Q: Is it better to floss before or after brushing my teeth?
A: Great question. Alas, surprisingly few studies address it directly. Based on existing evidence, flossing first isn’t necessarily better for oral health than the other way around.
Still, dentists have opinions on the matter. Dr. Edmond R. Hewlett, a spokesman for the American Dental Association and a professor of restorative dentistry at the University of California, Los Angeles, recommends flossing first.
His rationale? Get the unpleasant task out of the way to avoid the temptation not to do it.
“Let’s face human nature, if you’re going to skip one, which one will you skip?” he said.
By contrast, Dr. Philippe Hujoel, a professor of oral health sciences at the University of Washington in Seattle, advises his patients to brush with a fluoride toothpaste, then floss. That way your mouth will be awash with fluoride as you are maneuvering the floss, he said.
However, it turns out flossing is not a proven way to prevent cavities, even though some dentists and hygienists suggest it is.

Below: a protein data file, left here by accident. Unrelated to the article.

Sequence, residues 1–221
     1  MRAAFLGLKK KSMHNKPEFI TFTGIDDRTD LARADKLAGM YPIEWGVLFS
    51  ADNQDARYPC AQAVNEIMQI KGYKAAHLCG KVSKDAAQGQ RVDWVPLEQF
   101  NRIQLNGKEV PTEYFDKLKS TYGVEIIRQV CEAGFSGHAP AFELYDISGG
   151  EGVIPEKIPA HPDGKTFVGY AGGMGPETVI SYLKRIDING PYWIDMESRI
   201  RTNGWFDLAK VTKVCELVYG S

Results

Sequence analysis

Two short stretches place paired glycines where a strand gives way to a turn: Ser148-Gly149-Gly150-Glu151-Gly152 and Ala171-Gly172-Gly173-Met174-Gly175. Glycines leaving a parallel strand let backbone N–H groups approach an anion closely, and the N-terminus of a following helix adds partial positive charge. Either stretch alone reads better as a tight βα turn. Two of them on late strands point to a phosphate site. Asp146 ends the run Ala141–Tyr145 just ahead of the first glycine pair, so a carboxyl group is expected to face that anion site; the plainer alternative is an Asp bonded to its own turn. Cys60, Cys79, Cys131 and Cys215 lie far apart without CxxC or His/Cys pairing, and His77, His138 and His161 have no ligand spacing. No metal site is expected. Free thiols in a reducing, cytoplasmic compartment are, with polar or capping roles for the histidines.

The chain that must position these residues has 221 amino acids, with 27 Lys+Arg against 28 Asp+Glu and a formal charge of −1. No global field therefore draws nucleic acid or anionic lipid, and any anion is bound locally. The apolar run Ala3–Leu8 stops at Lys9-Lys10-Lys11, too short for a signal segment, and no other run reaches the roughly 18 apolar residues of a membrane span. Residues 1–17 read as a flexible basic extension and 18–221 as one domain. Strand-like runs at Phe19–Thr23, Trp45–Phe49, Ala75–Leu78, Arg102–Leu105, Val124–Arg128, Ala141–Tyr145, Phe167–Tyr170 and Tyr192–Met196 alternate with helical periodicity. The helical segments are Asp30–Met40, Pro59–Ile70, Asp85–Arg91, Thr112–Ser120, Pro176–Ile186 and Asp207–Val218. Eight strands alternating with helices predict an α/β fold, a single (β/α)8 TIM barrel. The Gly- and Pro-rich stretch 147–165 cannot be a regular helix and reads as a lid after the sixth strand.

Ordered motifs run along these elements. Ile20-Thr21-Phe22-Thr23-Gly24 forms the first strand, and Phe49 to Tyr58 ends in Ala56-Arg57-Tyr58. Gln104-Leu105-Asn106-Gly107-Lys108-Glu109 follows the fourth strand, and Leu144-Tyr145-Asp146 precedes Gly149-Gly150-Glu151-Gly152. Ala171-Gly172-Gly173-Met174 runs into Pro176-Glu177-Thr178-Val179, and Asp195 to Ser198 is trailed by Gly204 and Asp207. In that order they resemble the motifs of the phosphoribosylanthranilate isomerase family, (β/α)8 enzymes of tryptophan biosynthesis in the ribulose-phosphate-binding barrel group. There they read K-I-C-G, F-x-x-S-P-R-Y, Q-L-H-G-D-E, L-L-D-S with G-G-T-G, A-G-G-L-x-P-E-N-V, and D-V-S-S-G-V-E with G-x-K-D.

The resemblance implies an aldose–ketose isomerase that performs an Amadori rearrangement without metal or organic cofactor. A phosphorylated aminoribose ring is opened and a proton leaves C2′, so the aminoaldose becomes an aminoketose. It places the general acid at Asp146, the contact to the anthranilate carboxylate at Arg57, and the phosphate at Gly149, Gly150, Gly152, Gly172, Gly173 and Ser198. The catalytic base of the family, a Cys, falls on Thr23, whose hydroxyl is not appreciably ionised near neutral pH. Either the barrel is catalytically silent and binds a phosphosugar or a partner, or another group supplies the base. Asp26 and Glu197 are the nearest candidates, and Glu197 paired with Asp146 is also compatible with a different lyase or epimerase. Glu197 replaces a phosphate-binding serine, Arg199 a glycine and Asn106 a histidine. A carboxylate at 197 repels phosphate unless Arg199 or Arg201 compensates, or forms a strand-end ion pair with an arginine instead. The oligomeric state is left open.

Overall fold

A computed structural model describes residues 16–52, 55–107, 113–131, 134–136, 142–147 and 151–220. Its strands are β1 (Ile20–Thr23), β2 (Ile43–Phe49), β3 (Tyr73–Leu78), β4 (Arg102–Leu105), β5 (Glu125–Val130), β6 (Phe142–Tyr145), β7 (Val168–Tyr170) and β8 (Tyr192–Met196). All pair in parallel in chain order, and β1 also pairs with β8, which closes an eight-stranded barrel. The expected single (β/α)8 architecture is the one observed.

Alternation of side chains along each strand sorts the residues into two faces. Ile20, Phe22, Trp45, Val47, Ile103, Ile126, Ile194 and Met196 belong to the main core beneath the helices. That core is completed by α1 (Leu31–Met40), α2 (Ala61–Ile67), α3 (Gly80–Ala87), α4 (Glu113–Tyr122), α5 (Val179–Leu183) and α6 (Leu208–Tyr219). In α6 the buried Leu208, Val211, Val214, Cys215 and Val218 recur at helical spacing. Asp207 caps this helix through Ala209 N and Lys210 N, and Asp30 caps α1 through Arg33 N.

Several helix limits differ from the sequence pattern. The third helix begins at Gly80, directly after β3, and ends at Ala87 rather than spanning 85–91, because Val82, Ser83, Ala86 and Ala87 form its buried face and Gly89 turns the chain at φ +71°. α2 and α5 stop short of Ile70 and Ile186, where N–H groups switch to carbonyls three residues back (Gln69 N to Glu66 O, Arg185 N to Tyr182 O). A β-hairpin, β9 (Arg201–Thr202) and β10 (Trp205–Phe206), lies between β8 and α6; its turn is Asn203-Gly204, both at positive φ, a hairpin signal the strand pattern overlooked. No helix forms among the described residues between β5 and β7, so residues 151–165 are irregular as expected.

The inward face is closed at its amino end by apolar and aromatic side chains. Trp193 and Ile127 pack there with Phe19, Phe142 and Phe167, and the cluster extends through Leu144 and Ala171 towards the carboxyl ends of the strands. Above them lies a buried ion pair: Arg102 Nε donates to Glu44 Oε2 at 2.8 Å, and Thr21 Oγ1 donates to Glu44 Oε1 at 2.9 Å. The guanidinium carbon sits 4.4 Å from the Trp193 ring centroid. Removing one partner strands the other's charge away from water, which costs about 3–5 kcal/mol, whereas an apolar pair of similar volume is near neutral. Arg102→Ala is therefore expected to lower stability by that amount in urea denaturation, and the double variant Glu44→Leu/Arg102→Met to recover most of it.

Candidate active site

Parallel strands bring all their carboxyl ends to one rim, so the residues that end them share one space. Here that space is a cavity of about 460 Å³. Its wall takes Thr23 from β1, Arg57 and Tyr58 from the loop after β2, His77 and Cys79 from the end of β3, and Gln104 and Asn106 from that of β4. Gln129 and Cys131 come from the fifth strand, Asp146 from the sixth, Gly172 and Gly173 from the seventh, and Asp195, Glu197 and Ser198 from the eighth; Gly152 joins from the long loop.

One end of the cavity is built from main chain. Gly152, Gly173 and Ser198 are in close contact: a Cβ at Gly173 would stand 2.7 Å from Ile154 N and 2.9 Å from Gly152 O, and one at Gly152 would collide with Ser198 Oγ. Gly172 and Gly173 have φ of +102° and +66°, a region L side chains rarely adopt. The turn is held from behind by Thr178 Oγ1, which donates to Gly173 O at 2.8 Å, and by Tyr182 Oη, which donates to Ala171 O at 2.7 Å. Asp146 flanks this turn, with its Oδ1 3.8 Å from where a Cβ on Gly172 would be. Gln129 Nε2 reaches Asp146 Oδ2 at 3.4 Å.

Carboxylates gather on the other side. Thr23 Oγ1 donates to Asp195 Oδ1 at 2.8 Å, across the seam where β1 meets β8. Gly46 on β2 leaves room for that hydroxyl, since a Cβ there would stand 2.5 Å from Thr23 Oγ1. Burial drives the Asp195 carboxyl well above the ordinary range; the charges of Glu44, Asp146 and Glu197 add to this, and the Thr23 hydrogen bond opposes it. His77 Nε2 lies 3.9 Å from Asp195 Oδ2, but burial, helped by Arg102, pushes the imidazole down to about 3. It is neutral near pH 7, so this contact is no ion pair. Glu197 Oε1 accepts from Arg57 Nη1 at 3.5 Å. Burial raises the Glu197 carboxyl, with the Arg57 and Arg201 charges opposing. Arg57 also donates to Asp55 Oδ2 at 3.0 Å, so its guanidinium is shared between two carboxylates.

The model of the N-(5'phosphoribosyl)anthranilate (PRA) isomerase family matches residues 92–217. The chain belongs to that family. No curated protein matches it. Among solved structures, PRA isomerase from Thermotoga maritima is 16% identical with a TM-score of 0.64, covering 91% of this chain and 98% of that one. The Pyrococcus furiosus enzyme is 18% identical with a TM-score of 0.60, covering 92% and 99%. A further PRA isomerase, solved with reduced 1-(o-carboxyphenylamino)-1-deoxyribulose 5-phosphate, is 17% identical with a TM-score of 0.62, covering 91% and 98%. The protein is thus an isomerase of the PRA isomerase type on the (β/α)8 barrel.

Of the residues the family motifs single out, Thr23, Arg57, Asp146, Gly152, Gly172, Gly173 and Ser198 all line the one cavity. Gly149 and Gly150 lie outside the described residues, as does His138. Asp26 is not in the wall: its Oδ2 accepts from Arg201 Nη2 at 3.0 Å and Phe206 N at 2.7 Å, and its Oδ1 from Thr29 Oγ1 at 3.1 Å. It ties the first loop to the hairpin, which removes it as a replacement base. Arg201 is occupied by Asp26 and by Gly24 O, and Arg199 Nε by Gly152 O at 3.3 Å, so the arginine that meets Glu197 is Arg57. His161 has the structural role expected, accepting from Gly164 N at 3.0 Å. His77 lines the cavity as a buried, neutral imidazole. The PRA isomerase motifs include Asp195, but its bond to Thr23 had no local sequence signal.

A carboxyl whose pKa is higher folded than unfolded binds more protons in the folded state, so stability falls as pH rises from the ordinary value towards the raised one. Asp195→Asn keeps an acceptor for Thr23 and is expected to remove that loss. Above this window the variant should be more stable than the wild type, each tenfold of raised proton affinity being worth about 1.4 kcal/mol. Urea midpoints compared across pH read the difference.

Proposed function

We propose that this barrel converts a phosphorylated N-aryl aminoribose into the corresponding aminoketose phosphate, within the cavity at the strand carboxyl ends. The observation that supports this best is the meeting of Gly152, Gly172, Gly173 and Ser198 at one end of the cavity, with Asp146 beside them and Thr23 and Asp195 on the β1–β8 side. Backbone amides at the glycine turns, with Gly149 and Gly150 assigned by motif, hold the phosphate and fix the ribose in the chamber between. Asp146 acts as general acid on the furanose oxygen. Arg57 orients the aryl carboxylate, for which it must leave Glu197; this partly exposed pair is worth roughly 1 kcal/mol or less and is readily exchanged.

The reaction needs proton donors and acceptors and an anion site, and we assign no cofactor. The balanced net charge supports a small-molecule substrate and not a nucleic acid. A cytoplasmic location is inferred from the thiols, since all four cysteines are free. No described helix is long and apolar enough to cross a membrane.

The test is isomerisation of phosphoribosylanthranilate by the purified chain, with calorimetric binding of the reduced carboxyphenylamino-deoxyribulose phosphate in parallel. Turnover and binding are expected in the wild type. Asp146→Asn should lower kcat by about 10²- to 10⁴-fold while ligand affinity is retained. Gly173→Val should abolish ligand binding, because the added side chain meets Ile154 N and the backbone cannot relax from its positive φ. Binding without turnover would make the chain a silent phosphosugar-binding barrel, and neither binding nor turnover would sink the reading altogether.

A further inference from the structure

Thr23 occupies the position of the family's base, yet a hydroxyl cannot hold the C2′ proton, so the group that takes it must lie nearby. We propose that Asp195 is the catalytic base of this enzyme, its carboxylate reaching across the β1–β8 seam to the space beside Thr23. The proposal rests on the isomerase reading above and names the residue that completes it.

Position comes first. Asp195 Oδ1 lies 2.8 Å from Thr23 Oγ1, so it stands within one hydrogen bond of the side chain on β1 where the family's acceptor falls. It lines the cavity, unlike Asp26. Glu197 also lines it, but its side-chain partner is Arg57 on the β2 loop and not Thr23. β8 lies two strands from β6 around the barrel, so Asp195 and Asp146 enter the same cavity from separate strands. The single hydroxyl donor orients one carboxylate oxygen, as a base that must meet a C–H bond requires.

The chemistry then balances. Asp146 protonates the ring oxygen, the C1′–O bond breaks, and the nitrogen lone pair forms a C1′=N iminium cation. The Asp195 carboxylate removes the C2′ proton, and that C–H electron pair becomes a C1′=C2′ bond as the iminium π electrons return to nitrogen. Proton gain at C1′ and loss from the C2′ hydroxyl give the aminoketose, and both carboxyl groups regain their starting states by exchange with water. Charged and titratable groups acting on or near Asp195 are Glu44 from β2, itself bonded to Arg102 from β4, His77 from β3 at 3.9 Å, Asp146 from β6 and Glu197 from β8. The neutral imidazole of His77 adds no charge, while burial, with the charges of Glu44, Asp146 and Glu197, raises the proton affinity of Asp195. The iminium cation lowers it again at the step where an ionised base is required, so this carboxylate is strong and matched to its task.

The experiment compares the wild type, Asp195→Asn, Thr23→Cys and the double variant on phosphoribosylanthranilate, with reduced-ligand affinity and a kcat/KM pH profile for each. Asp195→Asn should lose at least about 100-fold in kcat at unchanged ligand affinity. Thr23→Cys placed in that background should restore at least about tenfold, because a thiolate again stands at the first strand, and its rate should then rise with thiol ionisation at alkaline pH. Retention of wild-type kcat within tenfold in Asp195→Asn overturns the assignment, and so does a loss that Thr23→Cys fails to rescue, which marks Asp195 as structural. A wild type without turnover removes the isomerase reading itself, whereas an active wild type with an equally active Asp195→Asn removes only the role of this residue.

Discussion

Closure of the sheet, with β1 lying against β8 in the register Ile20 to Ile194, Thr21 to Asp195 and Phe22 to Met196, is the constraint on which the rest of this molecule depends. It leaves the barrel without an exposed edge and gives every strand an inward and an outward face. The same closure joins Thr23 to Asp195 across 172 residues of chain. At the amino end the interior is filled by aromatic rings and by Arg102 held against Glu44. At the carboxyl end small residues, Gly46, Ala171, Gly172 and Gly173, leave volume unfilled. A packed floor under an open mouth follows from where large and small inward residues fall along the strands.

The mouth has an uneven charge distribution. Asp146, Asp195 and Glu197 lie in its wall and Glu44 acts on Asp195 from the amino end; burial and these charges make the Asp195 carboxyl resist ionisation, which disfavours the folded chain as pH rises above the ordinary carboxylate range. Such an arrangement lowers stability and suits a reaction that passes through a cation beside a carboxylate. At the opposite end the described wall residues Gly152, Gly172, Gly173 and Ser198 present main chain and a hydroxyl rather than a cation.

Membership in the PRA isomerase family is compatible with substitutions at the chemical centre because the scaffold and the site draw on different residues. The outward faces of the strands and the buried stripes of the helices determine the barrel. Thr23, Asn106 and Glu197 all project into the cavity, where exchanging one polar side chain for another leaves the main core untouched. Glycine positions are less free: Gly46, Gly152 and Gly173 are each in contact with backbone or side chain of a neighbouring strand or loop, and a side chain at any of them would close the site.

Rather, flossing’s main benefit is stanching bloody gums and reducing the gum inflammation known as gingivitis.
“Gingivitis is the first step in losing your teeth,” Hewlett said. “The nice thing about catching inflammation when gums are bleeding is you can reverse it then, if that’s all that’s going on.”
A 2012 review of 12 randomized controlled trials found that people who brushed and flossed regularly had less gum bleeding than the brush-only camp, though the authors cautioned the quality of the evidence was “very low.”
That same report, in The Cochrane Database of Systematic Reviews, found only “very unreliable” evidence that flossing might reduce plaque at one and three months.
There are practical reasons to floss, of course. It can dislodge raspberry seeds and other food debris you may or may not be able to feel, for example, and some prefer to attend meetings without spinach in their teeth.
The American Dental Association recommends guiding the floss along the curve of the gum line at the base of each tooth, in addition to flossing up and down between teeth.
It could be that amateurs just don’t know how to floss correctly, because there is some evidence that professional flossing can reduce cavities in children who have had minimal exposure to fluoride.
One systematic review of six trials found that when professionals flossed the teeth of those children on school days for 1.7 years, there was a 40 percent reduction in the risk of cavities.
That may be good news for the children and spouses of dental hygienists. But for the rest of us who don’t have a professional at home to floss for us, we can choose whether we floss before or after brushing our teeth.